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  • iaindryden1


The COP carnival is long gone, its long list of cartoon characters representing humanity are but memories, the flashes of inspiration, the loads of insights and the promises have been replaced by life as normal, or as normal as a Covid world can be. Perhaps nature has come to reap its bad harvest. And to mark it all, here in this little market town we splayed the night sky with a ton of fireworks whose stench told us what foul polluters we humans are, to say nothing of the CO2 fallout.

For two weeks I’ve had nothing to add to the disappointment COP26 has generated worldwide, but to reiterate that we are addicted to toys and treats and that has lead to tears. On the radio this morning I heard two people say how the long, slow autumn we in Britain are experiencing due to Climate Change is something they look forward to having more of in the future. Well, they will be surprised! We think no further than our noses.

I must admit, though, that the delayed autumn has been a boon to me too for this is my first week of being able to properly get outside and I loved the dazzling colours sparkling and dancing upon the lake at Stourhead, which is one of the most visited gardens in the world. We found a bench upon which to eat our sandwiches after my first, exhausting walk in months, little more than a couple of hundred metres. Earlier, an art gallery had asked me to have a full blown exhibition of my abstracts. As I well know, that’s a lot to do and organise, even if you are fit, so I’m going to fill a small wall and because their clientele is world-wide, I’ll produce convenient A3 sized prints of my work. Their enthusiasm added a buzz to our picnic and I needed it after a lonely year stuck in doors most days since January.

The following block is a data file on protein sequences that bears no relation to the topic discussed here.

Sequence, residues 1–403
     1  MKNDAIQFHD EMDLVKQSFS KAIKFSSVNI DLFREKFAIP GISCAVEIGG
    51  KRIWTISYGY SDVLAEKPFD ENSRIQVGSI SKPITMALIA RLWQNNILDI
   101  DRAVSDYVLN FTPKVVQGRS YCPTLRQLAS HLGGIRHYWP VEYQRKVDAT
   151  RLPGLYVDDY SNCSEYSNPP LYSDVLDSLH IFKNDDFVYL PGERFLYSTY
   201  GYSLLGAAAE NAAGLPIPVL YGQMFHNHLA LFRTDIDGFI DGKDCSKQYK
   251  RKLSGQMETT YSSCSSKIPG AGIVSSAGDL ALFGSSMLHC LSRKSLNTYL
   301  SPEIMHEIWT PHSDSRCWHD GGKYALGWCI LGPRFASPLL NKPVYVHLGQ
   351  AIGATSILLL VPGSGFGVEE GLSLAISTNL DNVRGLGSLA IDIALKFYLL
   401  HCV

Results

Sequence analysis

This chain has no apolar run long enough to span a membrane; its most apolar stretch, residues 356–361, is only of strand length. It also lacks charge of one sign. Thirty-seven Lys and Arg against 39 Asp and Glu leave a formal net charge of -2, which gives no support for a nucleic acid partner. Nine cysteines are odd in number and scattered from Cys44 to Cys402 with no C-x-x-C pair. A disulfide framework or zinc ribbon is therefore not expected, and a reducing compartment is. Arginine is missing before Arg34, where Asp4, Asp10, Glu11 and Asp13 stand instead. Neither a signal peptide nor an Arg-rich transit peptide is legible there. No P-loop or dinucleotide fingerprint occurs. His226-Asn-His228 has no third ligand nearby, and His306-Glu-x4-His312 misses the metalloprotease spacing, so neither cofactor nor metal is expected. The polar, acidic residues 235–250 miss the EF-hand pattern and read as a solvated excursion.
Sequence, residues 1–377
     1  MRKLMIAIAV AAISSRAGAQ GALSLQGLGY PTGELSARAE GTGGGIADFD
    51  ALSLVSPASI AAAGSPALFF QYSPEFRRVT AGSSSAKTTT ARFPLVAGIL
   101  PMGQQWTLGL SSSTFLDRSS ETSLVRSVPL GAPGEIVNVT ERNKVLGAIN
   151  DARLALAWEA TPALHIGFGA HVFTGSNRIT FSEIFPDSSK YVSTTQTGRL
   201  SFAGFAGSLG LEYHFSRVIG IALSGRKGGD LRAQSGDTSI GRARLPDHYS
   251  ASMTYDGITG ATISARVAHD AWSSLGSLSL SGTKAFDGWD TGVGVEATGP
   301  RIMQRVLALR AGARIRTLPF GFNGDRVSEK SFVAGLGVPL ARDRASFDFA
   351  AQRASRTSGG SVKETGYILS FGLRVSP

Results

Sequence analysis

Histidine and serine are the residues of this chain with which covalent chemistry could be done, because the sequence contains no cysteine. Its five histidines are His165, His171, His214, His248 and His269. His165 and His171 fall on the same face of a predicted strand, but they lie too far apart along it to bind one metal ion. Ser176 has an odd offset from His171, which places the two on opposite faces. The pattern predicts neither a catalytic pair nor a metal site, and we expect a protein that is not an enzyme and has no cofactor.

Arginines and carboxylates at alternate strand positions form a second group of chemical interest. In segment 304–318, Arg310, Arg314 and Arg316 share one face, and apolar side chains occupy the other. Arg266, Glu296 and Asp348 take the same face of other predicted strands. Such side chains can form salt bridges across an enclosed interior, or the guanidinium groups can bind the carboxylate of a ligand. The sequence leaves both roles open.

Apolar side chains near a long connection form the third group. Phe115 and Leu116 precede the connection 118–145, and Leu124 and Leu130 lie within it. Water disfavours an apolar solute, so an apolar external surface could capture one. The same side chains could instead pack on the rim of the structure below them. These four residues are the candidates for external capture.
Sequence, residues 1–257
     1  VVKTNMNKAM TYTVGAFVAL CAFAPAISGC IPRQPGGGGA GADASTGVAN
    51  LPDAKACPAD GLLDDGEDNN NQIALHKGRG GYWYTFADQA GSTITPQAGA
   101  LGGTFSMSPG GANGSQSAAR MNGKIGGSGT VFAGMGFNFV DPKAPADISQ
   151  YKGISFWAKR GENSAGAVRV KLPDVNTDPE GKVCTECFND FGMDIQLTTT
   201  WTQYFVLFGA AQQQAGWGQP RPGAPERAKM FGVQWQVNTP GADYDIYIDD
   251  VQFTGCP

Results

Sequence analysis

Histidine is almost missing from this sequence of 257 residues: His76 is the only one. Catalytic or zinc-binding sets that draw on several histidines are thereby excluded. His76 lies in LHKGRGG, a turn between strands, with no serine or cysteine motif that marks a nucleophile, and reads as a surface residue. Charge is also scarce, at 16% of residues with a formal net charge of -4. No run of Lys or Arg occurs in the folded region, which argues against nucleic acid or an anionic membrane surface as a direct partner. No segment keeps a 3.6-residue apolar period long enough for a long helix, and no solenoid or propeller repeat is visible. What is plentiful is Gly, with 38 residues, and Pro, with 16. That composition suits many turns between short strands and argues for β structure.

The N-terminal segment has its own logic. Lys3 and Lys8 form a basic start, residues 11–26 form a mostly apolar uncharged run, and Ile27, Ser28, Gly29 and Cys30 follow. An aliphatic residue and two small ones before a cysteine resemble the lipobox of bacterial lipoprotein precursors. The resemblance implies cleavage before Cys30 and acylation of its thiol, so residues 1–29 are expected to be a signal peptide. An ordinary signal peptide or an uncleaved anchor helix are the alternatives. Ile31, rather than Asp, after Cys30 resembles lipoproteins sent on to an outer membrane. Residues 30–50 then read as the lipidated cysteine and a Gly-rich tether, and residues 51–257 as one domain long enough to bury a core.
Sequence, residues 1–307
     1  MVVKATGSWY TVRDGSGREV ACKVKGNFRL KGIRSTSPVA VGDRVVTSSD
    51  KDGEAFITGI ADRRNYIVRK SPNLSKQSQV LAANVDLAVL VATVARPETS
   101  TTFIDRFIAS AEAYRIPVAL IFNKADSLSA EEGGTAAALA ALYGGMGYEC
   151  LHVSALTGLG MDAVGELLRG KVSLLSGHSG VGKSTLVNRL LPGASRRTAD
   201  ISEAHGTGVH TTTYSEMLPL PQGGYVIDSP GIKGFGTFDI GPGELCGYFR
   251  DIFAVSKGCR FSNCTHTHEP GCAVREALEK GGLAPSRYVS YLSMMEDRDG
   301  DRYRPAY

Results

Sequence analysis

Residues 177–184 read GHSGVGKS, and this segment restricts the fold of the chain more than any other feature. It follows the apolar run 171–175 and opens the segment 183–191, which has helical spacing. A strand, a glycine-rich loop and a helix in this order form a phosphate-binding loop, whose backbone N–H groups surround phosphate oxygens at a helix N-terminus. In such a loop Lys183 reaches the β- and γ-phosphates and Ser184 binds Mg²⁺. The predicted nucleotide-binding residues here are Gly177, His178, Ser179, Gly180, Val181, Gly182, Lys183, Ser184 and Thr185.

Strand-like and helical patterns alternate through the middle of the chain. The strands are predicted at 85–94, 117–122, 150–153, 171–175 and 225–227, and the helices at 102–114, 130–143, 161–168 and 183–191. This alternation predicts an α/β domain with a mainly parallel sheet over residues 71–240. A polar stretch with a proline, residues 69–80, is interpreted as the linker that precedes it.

Last night, feeling jealous, through our windows I watched people enjoying the quaint Christmas lights this town puts up each year. The shops, cafes, restaurants and pubs were open until late and staff dressed in Victorian clothes served mulled wine and cider and little treats to the happy crowd. It is an atmospheric, gentle evening, one of those natural events England does so well. I tried to push Camilla out as she needs a break from looking after dull old me, but we hardly know anyone here as yet and she’d prefer to not go alone. This morning, the fruit&veg where we also refill our milk bottles, the cheese shop and the butchers who sell local grass-fed produce, all told Camilla that they did really well, which is great after the time they’ve had since Covid struck. Maybe next year I’ll be fit enough to go out and enjoy it.

Me the bush-boy, the mountain lover has become a little home bug, which shows we can change. OK, I’ve had no choice, but this creature who disliked being indoors when it was light outside, is now a sofa-surfing bug. And, yes, Covid did this to millions around the world. Covid has changed people’s behaviour. Two days ago I was talking over the phone to an art printer who said he’s never had abuse before but now he gets it every few days. “People expect me to be working all the time, even on a Sunday my phone keeps pinging with abusive texts.”

It doesn’t take much effort to gain control of our minds and emotions, we simply have to want to and to be assiduous. Here upon my sofa, my mind goes out to people who really have had the toughest time - hospital staff. Each day they enter Covid wards laden with the nasty bug… and some of them die, even when double-vaccinated due to the viral-overload. And now they’re facing it again. Concerned, I produced an A3 poster with a set of mental-well exercises from my books (endorsed by MIND) alongside a cheerful abstract. These are now posted in 30 staff rooms in London hospitals. The research-based exercises really do work, they’ve helped tsunami, war and earthquake survivors to find normality again. They can for us too. If you are interested, look on this website at - Apres COP26, we all need to change with the climate.







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